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They Worked On The Game You Played, But Didn't Get Credit

Kotaku writes: magine pouring months, even years of work into a project, and then being unable to put your name on it. Unfortunately, that's the reality for many video game developers – and there's not much they can do about it.

"I was working for Codemasters at a new studio of theirs, managing a team of programmers," explains one developer who wants to stay anonymous. "We were originally set up to work on new projects, but predictably ended up doing work on a game called Operation Flashpoint 2 (recently released) that was in death march."

This developer and his team of programmers spent months on the project – for some, it was three months, and for others up to six - before being reassigned to a new project. But another six months down the line, Operation Flashpoint 2 was again in need of extra hands, and this developer was pulled back onto the project – "dropping everything on the current project and bringing my team with me," he recalls.

The developer himself left Codemasters before Operation Flashpoint 2 shipped – and once it did, he was surprised to find no one from his team received credit on the game, despite the fact that by the project's end some of them had spent some 18 months working on it. There was "very little appreciation at the time or since," he says.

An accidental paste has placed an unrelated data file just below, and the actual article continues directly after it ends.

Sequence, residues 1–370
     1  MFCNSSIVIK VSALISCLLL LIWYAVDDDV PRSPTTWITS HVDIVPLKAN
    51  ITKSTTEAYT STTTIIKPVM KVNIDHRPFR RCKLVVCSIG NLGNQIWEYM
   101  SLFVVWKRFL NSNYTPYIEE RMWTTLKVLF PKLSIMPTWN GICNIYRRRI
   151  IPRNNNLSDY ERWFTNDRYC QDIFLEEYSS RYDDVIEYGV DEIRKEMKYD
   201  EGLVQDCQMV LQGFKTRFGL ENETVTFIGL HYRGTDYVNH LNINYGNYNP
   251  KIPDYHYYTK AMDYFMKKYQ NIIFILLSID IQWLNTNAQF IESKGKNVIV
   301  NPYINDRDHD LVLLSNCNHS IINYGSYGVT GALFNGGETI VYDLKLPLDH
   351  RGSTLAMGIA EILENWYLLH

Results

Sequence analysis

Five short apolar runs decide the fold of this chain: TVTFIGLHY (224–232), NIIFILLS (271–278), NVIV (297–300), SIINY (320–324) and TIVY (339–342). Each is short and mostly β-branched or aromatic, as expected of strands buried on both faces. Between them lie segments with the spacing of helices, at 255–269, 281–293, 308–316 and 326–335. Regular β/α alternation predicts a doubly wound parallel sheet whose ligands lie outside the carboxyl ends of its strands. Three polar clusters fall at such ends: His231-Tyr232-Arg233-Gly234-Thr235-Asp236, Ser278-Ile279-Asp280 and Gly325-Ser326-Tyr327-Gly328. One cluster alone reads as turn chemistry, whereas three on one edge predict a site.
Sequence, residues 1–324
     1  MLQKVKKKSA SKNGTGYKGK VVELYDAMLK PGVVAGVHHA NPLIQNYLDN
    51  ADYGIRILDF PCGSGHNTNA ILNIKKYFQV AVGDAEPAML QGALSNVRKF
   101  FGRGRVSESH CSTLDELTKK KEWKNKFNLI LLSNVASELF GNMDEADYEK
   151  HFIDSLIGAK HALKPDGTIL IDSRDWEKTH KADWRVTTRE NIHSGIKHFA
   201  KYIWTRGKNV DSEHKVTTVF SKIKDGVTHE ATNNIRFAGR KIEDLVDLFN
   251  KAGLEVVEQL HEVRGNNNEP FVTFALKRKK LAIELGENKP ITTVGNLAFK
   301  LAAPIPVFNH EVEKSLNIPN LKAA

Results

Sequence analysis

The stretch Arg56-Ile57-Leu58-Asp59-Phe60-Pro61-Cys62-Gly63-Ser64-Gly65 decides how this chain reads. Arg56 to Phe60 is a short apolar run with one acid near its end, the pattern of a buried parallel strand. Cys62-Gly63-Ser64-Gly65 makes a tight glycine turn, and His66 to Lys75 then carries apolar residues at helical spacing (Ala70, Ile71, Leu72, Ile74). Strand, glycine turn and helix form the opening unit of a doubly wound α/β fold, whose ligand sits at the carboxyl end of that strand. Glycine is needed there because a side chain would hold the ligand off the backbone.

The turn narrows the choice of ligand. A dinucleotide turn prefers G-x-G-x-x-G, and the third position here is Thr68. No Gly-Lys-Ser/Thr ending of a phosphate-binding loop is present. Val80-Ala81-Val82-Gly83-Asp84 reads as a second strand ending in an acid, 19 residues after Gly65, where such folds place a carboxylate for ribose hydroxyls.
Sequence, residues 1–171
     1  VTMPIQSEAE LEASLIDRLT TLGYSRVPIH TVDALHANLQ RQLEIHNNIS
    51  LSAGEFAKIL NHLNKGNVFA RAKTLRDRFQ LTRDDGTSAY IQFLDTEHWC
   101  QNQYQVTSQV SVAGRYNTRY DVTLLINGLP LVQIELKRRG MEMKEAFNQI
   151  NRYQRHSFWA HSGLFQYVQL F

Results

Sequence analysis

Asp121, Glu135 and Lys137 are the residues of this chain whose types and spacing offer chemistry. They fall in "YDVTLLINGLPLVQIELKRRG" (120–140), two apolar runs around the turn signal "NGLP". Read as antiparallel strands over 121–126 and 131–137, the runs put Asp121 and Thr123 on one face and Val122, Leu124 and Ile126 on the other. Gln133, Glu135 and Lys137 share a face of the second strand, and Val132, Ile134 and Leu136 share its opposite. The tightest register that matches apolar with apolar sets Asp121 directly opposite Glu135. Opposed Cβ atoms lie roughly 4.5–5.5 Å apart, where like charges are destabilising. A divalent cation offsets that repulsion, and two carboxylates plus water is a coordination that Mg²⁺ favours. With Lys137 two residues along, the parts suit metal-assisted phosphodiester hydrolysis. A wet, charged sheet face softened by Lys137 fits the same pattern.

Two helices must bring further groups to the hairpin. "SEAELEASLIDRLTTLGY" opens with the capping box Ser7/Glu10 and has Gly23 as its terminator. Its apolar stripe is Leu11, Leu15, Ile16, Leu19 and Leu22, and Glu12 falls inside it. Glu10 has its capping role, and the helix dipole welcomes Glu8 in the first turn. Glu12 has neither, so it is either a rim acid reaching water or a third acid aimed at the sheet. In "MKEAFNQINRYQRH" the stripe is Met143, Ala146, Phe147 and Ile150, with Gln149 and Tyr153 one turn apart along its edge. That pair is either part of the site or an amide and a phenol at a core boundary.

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Bungie2896d ago

that's SAD for naughty dogs :(

GodsHand2896d ago

It's not just the video game industry, it's everywhere. Hell it happens at my job, I do somethings amazing that pushes the company foward to get noticed by others, in the same trade. Yet I don't get credit for it. The only one that really knows is me, and maybe a few others that saw what I was doing.

cyguration2895d ago

@GodsHand...

You're right that it happens everywhere. Usually it's the prideful d-bags that want their name plastered everywhere when all they did was either put up the money or yelled at people for wanting to clock out after the eight hours.

I suppose, in this particular scenario, it's double the dog dung given that these guys help churn out projects that return hundreds of millions of dollars and don't even get their name mentioned.

This would be shrug worthy news, though, if that was EA and not Codemasters.